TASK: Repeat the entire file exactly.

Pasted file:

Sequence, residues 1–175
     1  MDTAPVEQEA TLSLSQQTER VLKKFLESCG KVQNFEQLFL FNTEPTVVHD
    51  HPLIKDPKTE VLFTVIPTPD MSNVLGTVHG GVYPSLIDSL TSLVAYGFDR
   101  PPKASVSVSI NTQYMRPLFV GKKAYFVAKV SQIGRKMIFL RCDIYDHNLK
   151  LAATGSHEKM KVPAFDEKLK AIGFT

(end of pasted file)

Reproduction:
Sequence, residues 1–175
     1  MDTAPVEQEA TLSLSQQTER VLKKFLESCG KVQNFEQLFL FNTEPTVVHD
    51  HPLIKDPKTE VLFTVIPTPD MSNVLGTVHG GVYPSLIDSL TSLVAYGFDR
   101  PPKASVSVSI NTQYMRPLFV GKKAYFVAKV SQIGRKMIFL RCDIYDHNLK
   151  LAATGSHEKM KVPAFDEKLK AIGFT